Magazine article Russian Life

Blacked Out: Malevich Continues to Stoke Debate

Magazine article Russian Life

Blacked Out: Malevich Continues to Stoke Debate

Article excerpt

Just as 2015--the centennial of Kazimir Malevich's iconic painting Black Square--was coming to an end, art historians dropped a bombshell: the black square is not actually all black, and the painting has probably been hanging upside down for decades.

Malevich painted several "black squares," but the first one was done in 1915, and the work almost never leaves the Tretyakov Gallery in Moscow because of its fragile state. It is a seminal work at the heart of the artist's vision of "suprematist" art--a new, pure form of expression not limited to the depiction of objects.

Now, in a sensational announcement, the Tretyakov has said that the black square is actually painted over other art, and even has writing underneath. Researchers concluded after x-ray analysis that there could be two paintings beneath the black square, one a finished painting with pink, green and orange colors.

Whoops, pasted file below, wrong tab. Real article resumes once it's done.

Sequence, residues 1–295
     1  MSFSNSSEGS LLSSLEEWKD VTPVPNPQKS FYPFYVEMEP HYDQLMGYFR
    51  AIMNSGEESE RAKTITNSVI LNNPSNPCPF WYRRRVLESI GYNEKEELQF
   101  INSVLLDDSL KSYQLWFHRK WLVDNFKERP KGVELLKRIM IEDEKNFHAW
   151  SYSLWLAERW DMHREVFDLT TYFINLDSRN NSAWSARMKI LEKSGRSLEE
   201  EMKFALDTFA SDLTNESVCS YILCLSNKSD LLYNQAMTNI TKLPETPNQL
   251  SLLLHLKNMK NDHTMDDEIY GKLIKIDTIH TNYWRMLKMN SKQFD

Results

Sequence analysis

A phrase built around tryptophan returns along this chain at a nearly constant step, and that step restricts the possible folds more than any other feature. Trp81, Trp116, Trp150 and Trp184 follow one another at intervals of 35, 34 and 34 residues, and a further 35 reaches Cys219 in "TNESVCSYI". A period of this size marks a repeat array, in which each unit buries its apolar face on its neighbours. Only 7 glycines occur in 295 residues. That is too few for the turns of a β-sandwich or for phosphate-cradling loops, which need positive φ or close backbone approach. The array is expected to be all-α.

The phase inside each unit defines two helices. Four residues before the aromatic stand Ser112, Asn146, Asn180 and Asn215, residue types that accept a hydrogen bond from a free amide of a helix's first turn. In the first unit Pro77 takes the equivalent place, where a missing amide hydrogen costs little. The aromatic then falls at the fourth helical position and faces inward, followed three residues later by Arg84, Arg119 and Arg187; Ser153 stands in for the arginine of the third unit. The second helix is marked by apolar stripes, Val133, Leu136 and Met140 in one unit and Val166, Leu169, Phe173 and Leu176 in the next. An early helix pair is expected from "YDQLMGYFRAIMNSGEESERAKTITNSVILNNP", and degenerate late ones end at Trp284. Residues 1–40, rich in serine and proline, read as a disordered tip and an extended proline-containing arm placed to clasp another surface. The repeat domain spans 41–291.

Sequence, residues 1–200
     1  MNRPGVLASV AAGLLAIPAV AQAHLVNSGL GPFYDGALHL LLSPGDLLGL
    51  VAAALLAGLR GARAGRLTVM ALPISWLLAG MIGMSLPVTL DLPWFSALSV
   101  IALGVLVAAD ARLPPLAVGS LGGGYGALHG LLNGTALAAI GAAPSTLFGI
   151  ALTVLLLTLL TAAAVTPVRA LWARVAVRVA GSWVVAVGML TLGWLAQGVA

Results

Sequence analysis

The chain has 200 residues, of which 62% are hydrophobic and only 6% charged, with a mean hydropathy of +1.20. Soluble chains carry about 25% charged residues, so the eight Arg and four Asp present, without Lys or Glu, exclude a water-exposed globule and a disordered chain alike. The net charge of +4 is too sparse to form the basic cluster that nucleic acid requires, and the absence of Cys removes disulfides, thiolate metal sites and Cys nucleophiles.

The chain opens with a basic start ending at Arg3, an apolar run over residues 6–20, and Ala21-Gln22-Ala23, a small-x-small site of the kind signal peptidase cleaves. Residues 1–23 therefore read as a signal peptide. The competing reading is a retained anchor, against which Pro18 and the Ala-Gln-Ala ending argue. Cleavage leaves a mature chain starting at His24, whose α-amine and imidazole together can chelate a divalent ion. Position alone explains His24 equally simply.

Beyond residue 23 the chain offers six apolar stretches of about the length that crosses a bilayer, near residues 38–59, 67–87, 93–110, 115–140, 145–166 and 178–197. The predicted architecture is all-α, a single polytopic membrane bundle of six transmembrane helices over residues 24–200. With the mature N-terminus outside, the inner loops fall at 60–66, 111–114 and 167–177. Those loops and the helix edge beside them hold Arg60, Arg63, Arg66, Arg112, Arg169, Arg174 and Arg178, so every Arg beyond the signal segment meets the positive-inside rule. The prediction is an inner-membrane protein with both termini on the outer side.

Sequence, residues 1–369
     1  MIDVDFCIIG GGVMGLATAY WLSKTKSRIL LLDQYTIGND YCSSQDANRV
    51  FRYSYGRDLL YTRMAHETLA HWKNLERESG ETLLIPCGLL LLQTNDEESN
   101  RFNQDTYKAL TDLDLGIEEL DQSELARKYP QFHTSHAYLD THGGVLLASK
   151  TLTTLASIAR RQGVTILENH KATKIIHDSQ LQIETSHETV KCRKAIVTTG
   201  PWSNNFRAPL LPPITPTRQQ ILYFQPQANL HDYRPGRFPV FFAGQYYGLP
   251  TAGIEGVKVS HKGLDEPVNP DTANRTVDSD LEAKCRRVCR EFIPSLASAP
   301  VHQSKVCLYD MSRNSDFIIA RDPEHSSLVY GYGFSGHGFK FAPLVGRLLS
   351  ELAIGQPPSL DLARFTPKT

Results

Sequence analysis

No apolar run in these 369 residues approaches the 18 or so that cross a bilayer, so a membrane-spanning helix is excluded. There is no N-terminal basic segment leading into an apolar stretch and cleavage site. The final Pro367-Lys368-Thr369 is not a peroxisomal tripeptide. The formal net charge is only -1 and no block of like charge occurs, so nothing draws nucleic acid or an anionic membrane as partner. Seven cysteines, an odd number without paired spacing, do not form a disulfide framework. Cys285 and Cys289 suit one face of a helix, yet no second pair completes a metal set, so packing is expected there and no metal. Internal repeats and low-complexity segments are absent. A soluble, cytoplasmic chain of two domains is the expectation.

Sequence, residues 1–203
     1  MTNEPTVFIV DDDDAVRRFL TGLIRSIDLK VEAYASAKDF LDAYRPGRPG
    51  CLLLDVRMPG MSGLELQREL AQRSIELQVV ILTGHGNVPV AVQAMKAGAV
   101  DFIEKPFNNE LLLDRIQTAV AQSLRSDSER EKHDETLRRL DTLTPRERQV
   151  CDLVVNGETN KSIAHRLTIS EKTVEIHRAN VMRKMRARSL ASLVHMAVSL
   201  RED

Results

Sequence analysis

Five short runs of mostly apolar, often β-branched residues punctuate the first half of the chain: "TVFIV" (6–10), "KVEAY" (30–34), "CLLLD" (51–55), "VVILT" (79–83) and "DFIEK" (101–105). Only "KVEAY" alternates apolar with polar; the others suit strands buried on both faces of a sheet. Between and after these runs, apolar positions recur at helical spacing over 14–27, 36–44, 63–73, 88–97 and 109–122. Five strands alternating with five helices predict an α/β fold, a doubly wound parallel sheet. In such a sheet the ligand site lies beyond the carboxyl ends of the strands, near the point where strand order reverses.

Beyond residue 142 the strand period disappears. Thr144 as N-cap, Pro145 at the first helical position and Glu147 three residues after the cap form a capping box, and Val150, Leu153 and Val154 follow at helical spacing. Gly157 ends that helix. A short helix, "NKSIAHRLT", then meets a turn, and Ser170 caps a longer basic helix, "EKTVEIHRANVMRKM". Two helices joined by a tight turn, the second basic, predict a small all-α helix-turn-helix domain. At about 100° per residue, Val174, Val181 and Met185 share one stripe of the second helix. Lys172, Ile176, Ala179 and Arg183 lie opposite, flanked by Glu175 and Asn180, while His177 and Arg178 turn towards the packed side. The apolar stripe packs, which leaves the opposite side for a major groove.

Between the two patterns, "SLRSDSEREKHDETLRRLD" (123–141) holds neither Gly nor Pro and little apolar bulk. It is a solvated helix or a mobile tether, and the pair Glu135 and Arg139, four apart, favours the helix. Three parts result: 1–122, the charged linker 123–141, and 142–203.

The second painting was of an abstract set of figures and is discernible to eagle-eyed museum-goers through cracks in the black square. But that work apparently did not please the painter, and he finally made the black square--whether because he saw it as the artistic evolution of the previous work, or, equally possible, because there was no other canvas available.

Experts also found Malevich's handwriting beneath the black paint: "Battle of negroes at night." The phrase is the name of an 1897 work by the French painter Alphonse Allais, and it is this inscription that led the museum to realize that the painting has been hanging upside down. …

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